Arlington Sun Gazette
Trolley System Splits County Board Candidates
by SCOTT McCAFFREY, Staff Writer
(Created: Wednesday, September 5, 2007 8:25 AM EDT)
County Board candidates Mike McMenamin, Walter Tejada, Josh Ruebner, Joseph Warren and Mary Hynes at the Arlington County Civic Federation candidate forum. (Photo by Scott McCaffrey)
Is it an economic engine for South Arlington, or a choo-choo traveling down the tracks of fiscal irresponsibility?
The five candidates for County Board split decisively on the proposal for a $120-million-plus Columbia Pike trolley system, as they debated Sept. 4 in front of the Arlington County Civic Federation.
Democrats Walter Tejada and Mary Hynes expressed their support of the proposal, which remains unfunded, while Republicans Mike McMenamin and Joseph Warren and Green Party candidate Josh Ruebner strongly opposed it.
“How are we going to pay for it – we’re strapped so tight, there’s no wiggle room [in the budget] at all,” said McMenamin, who is making his second attempt for a County Board seat.
Hynes, the former School Board chairman who is making her first run for County Board, countered that the transit idea holds “great promise for moving folks onto transit.”
If it is built, the trolley would run west from Pentagon City and down Columbia Pike, then veer south and run to Skyline. Both the Arlington County Board and Fairfax County Board of Supervisors support the concept, while critics say an upgraded bus system would be cheaper and smarter.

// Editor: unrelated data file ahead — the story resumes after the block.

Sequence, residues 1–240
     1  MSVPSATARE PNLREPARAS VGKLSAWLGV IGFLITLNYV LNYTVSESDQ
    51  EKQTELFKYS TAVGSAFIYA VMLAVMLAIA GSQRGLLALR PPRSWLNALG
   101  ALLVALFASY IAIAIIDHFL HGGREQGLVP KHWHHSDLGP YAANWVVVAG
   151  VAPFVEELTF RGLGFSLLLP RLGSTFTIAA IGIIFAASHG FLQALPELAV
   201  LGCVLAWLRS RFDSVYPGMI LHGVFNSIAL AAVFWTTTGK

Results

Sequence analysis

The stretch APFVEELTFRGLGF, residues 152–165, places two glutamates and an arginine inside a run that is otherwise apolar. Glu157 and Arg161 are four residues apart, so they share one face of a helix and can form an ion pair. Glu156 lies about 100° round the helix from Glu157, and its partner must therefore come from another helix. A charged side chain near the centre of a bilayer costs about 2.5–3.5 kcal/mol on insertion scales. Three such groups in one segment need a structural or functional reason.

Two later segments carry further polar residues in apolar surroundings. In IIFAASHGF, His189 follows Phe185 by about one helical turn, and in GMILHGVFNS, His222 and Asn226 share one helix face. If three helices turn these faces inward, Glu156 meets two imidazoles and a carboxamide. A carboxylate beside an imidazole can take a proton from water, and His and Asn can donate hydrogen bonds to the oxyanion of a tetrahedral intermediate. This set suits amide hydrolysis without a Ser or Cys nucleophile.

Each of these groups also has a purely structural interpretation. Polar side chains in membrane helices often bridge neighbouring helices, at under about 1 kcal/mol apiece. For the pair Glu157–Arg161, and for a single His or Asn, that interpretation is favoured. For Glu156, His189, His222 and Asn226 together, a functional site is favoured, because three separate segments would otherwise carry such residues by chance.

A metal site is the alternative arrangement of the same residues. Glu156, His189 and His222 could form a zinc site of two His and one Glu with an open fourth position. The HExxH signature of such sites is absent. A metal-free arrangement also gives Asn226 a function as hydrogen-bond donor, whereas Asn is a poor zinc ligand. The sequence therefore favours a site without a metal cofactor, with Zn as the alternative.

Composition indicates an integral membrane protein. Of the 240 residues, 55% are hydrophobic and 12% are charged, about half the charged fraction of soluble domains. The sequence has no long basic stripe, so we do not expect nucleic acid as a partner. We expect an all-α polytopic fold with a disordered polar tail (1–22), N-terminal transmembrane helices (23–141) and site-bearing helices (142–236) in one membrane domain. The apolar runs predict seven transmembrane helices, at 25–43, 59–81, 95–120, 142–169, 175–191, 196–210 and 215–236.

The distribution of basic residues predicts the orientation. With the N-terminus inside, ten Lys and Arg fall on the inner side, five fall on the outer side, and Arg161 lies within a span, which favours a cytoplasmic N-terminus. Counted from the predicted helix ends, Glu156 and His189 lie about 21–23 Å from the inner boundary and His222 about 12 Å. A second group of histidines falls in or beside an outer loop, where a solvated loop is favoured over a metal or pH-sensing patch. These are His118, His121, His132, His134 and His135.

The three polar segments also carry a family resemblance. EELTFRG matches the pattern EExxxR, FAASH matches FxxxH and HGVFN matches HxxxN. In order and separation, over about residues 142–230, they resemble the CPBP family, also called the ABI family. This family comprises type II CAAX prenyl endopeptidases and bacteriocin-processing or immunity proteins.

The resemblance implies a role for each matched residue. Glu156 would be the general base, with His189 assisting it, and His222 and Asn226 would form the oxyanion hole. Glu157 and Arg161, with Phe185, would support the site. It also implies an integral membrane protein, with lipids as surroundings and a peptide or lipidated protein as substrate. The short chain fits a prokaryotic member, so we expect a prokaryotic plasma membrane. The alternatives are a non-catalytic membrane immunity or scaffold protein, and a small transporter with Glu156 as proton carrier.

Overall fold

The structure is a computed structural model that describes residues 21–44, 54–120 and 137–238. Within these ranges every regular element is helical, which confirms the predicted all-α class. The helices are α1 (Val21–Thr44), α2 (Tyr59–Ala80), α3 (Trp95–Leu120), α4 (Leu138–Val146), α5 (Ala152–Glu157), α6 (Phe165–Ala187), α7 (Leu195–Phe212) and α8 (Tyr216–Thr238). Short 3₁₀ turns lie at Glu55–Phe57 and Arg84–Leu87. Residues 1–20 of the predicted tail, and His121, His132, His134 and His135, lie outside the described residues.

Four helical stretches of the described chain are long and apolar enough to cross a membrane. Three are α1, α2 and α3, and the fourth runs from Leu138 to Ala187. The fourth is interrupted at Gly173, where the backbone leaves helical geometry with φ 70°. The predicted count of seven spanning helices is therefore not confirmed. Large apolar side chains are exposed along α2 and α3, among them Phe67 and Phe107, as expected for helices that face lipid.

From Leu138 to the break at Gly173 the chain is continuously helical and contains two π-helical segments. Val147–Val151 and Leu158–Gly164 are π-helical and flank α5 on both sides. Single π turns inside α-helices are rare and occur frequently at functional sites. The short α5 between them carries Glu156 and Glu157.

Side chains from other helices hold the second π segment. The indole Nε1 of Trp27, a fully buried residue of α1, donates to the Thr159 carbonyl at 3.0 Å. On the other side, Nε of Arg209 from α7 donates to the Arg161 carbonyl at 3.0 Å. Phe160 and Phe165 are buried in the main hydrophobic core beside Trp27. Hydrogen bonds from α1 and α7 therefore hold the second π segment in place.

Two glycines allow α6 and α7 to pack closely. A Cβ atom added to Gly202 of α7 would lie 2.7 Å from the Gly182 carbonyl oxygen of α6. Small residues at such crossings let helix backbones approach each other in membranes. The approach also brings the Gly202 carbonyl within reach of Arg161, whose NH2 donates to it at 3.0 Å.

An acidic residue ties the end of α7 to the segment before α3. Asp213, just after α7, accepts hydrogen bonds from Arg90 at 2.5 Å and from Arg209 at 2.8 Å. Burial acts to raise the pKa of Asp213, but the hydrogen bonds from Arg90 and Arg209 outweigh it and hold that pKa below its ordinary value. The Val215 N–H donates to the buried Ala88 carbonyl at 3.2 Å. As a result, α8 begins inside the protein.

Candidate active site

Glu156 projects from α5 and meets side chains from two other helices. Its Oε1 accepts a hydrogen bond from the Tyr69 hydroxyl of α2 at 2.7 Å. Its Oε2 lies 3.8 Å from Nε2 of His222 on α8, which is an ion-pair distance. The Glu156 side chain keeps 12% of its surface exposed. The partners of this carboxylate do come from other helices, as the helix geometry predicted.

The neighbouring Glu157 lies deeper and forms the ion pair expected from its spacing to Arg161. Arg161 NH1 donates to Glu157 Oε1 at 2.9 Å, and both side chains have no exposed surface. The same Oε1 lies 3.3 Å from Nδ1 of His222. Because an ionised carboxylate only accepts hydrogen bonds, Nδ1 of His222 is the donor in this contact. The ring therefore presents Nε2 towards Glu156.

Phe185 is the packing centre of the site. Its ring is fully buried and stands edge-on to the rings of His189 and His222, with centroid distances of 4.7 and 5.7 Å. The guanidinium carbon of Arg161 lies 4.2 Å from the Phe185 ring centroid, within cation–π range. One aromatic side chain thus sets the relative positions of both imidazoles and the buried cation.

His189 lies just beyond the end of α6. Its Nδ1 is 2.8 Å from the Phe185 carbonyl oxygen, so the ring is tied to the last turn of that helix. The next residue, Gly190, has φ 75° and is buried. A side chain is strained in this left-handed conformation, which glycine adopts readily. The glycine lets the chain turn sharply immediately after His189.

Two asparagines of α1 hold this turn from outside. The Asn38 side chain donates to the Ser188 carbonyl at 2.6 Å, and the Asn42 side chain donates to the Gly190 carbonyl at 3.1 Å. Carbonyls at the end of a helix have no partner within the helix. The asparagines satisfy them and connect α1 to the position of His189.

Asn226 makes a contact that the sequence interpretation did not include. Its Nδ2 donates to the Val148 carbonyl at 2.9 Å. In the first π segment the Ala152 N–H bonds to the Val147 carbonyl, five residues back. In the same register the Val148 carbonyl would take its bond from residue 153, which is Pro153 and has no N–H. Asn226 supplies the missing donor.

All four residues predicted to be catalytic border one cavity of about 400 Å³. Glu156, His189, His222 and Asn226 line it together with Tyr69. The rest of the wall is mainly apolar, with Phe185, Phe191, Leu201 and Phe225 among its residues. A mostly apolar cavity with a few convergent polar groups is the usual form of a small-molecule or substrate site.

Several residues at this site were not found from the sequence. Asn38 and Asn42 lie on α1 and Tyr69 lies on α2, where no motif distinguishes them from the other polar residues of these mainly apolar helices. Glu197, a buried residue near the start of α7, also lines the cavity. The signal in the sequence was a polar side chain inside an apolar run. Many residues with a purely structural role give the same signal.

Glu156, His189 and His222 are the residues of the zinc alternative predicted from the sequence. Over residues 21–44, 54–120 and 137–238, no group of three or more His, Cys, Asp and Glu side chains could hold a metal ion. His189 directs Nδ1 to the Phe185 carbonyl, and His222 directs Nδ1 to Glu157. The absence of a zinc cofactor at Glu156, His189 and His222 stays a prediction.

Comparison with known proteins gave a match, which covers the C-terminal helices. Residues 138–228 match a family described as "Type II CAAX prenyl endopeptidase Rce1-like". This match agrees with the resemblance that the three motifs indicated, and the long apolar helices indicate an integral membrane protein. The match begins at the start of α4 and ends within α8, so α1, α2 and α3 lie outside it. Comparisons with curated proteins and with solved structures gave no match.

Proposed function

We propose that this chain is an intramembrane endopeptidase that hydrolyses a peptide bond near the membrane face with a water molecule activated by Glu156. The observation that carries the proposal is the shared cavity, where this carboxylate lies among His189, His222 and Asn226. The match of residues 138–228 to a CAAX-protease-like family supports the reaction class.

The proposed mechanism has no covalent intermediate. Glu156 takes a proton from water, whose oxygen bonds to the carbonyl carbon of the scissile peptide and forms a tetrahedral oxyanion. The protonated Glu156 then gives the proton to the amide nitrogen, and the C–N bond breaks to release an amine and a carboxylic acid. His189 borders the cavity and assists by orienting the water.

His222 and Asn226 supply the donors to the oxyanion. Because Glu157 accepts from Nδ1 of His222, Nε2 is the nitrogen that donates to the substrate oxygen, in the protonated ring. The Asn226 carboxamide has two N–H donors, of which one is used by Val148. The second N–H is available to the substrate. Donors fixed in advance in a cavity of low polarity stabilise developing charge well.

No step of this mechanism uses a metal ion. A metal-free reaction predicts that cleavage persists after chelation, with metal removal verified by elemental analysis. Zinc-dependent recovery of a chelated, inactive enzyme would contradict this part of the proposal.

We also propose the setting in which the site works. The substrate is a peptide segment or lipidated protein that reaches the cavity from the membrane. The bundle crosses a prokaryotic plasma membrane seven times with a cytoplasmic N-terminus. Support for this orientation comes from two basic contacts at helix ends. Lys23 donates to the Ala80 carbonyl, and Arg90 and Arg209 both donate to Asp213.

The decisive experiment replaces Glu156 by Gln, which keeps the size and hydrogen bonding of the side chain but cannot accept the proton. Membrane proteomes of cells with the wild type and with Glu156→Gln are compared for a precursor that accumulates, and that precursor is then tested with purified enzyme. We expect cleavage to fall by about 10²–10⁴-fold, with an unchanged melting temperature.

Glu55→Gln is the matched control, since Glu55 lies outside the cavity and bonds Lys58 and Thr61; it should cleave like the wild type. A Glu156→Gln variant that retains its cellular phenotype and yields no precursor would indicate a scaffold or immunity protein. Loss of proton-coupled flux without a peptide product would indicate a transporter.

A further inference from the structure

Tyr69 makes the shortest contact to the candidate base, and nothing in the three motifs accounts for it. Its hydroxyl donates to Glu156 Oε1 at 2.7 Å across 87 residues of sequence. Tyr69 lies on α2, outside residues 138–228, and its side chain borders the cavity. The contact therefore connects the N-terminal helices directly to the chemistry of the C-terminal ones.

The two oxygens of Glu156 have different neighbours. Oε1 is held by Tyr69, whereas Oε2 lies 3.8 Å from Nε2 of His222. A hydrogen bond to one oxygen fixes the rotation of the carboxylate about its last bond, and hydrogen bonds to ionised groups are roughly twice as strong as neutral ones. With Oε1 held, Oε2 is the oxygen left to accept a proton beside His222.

Tejada, the board’s vice chairman, said he is a “strong supporter” of the streetcar concept, in part because it is the “preferred choice of the community there.” That brought hoots from the back of the room, as some South Arlington activists see the transit idea as a waste of time.
“I’m a resident of Columbia Pike, and I definitely don’t support the trolley,” said Ruebner, making his second bid for the board. “It’s a boondoggle designed to benefit developers.”
Warren, a first-time candidate who serves on a county transit advisory panel, said the idea for a trolley makes no sense, as it would narrow Columbia Pike for vehicular traffic, increasing congestion.
There was slightly more consensus among candidates on a second topic: funding for “public art” across Arlington. Funding for such art was not included in the most recent government capital-improvement program.
Four of the five candidates said the county government’s finances don’t lend themselves to more spending on it, although only one candidate came out for a total moratorium on funding art in public spaces.
“I don’t see the usefulness,” said Warren, who termed the public-art project “a waste.”
Hynes, McMenamin and Ruebner did not rule out future funding, but said public art is a decidedly secondary community goal.
“We need to be realistic about our priorities,” Ruebner said. “The real core services and human needs aren’t being met.”
With a financial picture that is tightening, “there’s not enough money to go around,” Hynes said. “I don’t think that’s a secret.”
Tejada offered no firm opinion on the public-art question expressed from the audience, but did say that the arts provide “important vitality” for the community. McMenamin voiced support for an arts center, but said a private developer should be found to build it as part of a deal with the county.
“We’re up against the ceiling on our AAA bond ratings,” McMenamin said of the government’s fiscal crunch.